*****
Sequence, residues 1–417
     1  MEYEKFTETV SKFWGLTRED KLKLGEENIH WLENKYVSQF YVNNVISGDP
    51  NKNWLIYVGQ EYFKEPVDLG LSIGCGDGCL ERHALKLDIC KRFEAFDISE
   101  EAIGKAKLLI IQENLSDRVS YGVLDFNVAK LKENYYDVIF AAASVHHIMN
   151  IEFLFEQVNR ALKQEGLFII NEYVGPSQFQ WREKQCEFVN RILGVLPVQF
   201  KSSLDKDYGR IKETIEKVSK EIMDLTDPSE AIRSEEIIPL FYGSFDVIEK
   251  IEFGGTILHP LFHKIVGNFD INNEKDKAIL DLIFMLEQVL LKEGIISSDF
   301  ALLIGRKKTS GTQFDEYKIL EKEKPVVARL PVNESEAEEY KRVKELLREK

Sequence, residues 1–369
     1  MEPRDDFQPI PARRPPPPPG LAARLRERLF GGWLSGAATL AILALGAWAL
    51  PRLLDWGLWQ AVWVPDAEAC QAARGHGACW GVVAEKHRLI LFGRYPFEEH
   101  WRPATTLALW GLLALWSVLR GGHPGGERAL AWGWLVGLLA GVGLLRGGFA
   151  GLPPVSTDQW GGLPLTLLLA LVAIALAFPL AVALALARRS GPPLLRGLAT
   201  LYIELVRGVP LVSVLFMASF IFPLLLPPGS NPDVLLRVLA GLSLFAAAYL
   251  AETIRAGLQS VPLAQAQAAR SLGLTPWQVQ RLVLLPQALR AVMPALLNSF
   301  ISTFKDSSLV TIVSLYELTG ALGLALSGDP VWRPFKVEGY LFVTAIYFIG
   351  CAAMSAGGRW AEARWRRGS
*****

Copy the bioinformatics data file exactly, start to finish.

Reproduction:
Sequence, residues 1–417
     1  MEYEKFTETV SKFWGLTRED KLKLGEENIH WLENKYVSQF YVNNVISGDP
    51  NKNWLIYVGQ EYFKEPVDLG LSIGCGDGCL ERHALKLDIC KRFEAFDISE
   101  EAIGKAKLLI IQENLSDRVS YGVLDFNVAK LKENYYDVIF AAASVHHIMN
   151  IEFLFEQVNR ALKQEGLFII NEYVGPSQFQ WREKQCEFVN RILGVLPVQF
   201  KSSLDKDYGR IKETIEKVSK EIMDLTDPSE AIRSEEIIPL FYGSFDVIEK
   251  IEFGGTILHP LFHKIVGNFD INNEKDKAIL DLIFMLEQVL LKEGIISSDF
   301  ALLIGRKKTS GTQFDEYKIL EKEKPVVARL PVNESEAEEY KRVKELLREK

Sequence, residues 1–369
     1  MEPRDDFQPI PARRPPPPPG LAARLRERLF GGWLSGAATL AILALGAWAL
    51  PRLLDWGLWQ AVWVPDAEAC QAARGHGACW GVVAEKHRLI LFGRYPFEEH
   101  WRPATTLALW GLLALWSVLR GGHPGGERAL AWGWLVGLLA GVGLLRGGFA
   151  GLPPVSTDQW GGLPLTLLLA LVAIALAFPL AVALALARRS GPPLLRGLAT
   201  LYIELVRGVP LVSVLFMASF IFPLLLPPGS NPDVLLRVLA GLSLFAAAYL
   251  AETIRAGLQS VPLAQAQAAR SLGLTPWQVQ RLVLLPQALR AVMPALLNSF
   301  ISTFKDSSLV TIVSLYELTG ALGLALSGDP VWRPFKVEGY LFVTAIYFIG
   351  CAAMSAGGRW AEARWRRGS